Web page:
There was a quiet pause after my presentation, that interlude just before questions will be asked and answered. While there had been a few questions during the initial presentation, this was clearly the time for clarification and further investigation. The audience? Fourth year medical students in the dual degree MD / PhD program.
"I get all this," a student interjected. "I mean, all this makes sense to me and while you were speaking I was looking at the what the science has to say about the role of massage in health care. It looks promising. What I am wondering is, are you a representative sample of your profession? Or, in other words, are there people out there who can deliver what you show massage is capable of?"
I didn't see that one coming.
As someone in my fortieth year of practice, I was a bit stunned at where we have come. Here is a medical student who looks at the research and says massage therapy is likely to play a role in our health care system. I don't think there was a single published study on massage therapy when I started my practice. My clinic receives many referrals from physicians, which reveals their acceptance and respect for the work. Surveys about the public perception of massage are very positive. This is a level of acceptance of massage therapy that I could have only dreamed about twenty years ago.
His question however, is right to the central point that is still an issue. Wherever this young man ends up practicing, will there be qualified massage therapists in the area for him to refer to? Since we had just spent an hour going over the scientific literature in massage, will whoever he refers to have familiarity with the literature as well? Will the massage therapist be able to execute the manual approaches that can create consistent results for the people he refers?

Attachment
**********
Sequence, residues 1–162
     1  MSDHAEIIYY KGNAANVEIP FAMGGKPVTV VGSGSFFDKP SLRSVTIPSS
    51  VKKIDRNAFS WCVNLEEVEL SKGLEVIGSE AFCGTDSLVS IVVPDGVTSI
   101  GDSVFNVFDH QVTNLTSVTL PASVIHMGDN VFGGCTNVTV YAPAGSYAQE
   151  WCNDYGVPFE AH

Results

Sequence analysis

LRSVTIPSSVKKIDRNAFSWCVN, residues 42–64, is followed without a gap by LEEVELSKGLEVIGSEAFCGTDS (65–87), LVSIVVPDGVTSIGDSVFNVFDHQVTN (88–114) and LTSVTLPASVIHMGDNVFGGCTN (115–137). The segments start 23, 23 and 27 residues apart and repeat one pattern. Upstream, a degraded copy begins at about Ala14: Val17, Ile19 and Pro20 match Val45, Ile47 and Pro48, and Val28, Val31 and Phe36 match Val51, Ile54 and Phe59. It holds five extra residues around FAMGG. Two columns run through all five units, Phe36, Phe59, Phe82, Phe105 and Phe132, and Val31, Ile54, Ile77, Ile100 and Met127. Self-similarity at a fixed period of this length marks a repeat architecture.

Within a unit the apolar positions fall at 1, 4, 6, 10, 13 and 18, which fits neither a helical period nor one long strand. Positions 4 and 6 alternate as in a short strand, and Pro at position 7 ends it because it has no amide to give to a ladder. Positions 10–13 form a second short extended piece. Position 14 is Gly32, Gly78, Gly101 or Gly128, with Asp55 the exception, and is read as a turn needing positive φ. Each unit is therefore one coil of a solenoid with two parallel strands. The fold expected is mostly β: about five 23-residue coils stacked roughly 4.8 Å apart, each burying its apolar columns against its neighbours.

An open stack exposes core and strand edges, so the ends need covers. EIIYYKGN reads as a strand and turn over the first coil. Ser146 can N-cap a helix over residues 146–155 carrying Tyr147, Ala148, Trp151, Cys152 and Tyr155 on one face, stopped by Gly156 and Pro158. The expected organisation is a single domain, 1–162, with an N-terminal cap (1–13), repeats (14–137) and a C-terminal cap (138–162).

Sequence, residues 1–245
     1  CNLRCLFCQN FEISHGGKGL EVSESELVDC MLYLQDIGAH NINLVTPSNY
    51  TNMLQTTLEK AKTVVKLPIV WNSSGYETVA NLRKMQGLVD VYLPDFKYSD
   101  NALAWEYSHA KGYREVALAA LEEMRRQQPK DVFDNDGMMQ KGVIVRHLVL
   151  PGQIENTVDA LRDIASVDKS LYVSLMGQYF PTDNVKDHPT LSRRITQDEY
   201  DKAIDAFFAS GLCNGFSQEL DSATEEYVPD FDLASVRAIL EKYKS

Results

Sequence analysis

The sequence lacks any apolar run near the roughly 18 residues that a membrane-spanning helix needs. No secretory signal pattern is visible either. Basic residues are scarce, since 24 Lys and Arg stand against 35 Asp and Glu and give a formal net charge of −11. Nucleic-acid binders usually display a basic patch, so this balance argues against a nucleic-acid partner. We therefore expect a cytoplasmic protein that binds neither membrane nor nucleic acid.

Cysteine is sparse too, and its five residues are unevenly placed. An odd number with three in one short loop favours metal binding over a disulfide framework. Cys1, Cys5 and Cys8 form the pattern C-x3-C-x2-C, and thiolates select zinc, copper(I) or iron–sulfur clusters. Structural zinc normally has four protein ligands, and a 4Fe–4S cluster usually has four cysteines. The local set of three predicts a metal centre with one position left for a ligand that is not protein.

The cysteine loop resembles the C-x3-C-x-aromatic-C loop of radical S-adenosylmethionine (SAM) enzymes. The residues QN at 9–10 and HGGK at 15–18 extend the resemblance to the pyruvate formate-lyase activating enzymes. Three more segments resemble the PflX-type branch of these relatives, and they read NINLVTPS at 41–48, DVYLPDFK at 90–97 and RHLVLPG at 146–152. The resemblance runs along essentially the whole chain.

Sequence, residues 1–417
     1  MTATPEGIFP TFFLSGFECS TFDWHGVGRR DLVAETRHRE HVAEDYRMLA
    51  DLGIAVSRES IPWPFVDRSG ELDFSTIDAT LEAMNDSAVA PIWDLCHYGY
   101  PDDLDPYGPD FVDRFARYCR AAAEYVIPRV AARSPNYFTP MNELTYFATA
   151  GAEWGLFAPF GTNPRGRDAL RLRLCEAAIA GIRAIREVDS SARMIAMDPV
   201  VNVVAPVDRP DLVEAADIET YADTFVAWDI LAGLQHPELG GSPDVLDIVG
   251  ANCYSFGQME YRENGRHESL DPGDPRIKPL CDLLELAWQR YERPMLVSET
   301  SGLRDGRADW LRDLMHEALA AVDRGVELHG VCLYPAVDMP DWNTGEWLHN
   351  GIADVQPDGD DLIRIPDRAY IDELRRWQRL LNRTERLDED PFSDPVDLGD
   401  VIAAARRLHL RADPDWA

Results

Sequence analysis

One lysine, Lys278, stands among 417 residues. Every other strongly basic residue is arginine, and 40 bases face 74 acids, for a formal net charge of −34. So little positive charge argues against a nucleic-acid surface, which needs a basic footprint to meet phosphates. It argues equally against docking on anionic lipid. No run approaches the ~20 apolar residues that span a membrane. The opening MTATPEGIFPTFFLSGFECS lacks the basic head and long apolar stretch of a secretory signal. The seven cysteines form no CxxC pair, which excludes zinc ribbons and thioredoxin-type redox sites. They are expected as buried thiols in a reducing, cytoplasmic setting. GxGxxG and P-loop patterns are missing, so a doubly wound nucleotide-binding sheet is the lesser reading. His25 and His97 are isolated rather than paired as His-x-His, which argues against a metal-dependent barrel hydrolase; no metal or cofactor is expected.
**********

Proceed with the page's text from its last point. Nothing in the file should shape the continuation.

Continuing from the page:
For those of us in the field, this is our moment. Never has the need for this work nor the public perception been better. We, as a profession, need to up our game. We need better consistency across the board in our graduates and therapists in practice. We need bright and motivated young people coming into the field. We need to grow them into true professionals and they need to think and act professionally as well. The time is right. The field is set. So many people have come before us, laying the groundwork for this moment. Let's, as a profession, seize this moment and embrace the mission in front of us. The world needs what we have to offer, but we must be ready to deliver it. The time is right. The time is now.